Surrey City Hall

SBOT speaks up on city budget

Business group wants tighter control over operating budget, better use of policing dollars, among other issues.

Surrey businesses are supportive of the city’s 2014 budget, but they are concerned with some of the approaches contained within it.

The Surrey Board of Trade (SBOT) sent the city a list of recommendations for the City of Surrey 2014 budget, noting several areas that it says need attention.

One of the areas causing the SBOT concern is spending growth, particularly on the operating side of the ledger.

The board wants to see Surrey keep its operating budget in line with population growth and inflation.

The operating costs in Surrey are taking $9 million jump next year, largely due to a settlement with union workers.

The board urged caution.

“The level of spending increases without new revenue sources outside of taxpayer wallets is not sustainable to Surrey business and Surrey residential taxpayers,” the board said in a release Friday.

The board also wants better communication with businesses in Surrey and better transparency regarding a roads and traffic utility.

Next year, a road levy will increase by $70 for businesses, which will be added to the existing $357 levy – an increase of about 20 per cent.

“Recommendation to the City is to fully disclose the full scope and breadth of this Utility,” the board said.

While happy to see the 12 extra police officers next year, the board wants to see more funding directed to preventing and counteracting gang activity.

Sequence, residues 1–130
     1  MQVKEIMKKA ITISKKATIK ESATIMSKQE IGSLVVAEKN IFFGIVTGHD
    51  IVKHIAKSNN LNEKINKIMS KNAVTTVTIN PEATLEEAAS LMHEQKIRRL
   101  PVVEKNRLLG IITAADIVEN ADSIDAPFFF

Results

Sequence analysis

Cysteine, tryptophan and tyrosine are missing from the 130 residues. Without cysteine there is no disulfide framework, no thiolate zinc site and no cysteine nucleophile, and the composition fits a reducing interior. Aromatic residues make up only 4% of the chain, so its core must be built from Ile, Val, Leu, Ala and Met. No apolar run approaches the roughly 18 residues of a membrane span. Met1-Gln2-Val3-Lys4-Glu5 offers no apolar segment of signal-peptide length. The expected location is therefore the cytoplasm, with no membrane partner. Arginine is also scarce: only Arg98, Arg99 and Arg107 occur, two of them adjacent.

The board wants better disaster planning directed toward businesses. When the next earthquake or natural disaster occurs, businesses want city support to be there.

“We think more resources need to be put towards a business emergency preparedness program,” said SBOT CEO Anita Huberman. “We will have an earthquake one day, or some type of disaster, and we need to ensure that not only priority businesses are looked after but all businesses are looked after.”

The board wants Surrey to explore some alternate revenue sources, including charging extra taxes to abandoned gas stations, or better using agricultural land that is not used for farming.

The board wants Surrey to consider rezoning city-owned space for arts and cultural uses.

Finally, the SBOT is asking Surrey to find ways that new developments can include quality childcare spaces as part of their development approval process.

Coun. Tom Gill, who chairs the city’s finance committee, said he welcomes the input from the SBOT.

He notes that the city has some of the lowest taxes in the region, and is still recovering from a 10-year freeze on tax increases that ended in 2003.

“I honestly do feel we have been playing a bit of catch up right now,” Gill said. “And I think some of that catch up relates to that 10-year span where we had no tax increases.”

The city’s 2014 budget is expected to receive final approval on Monday night.

The Surrey Board of Trade represents more than 1,900 business members, 5,000 business contacts, and more than 60,000 employees.

For the full Surrey Board of Trade City Budget Letter, go to www.businessinsurrey.com

@diakiw

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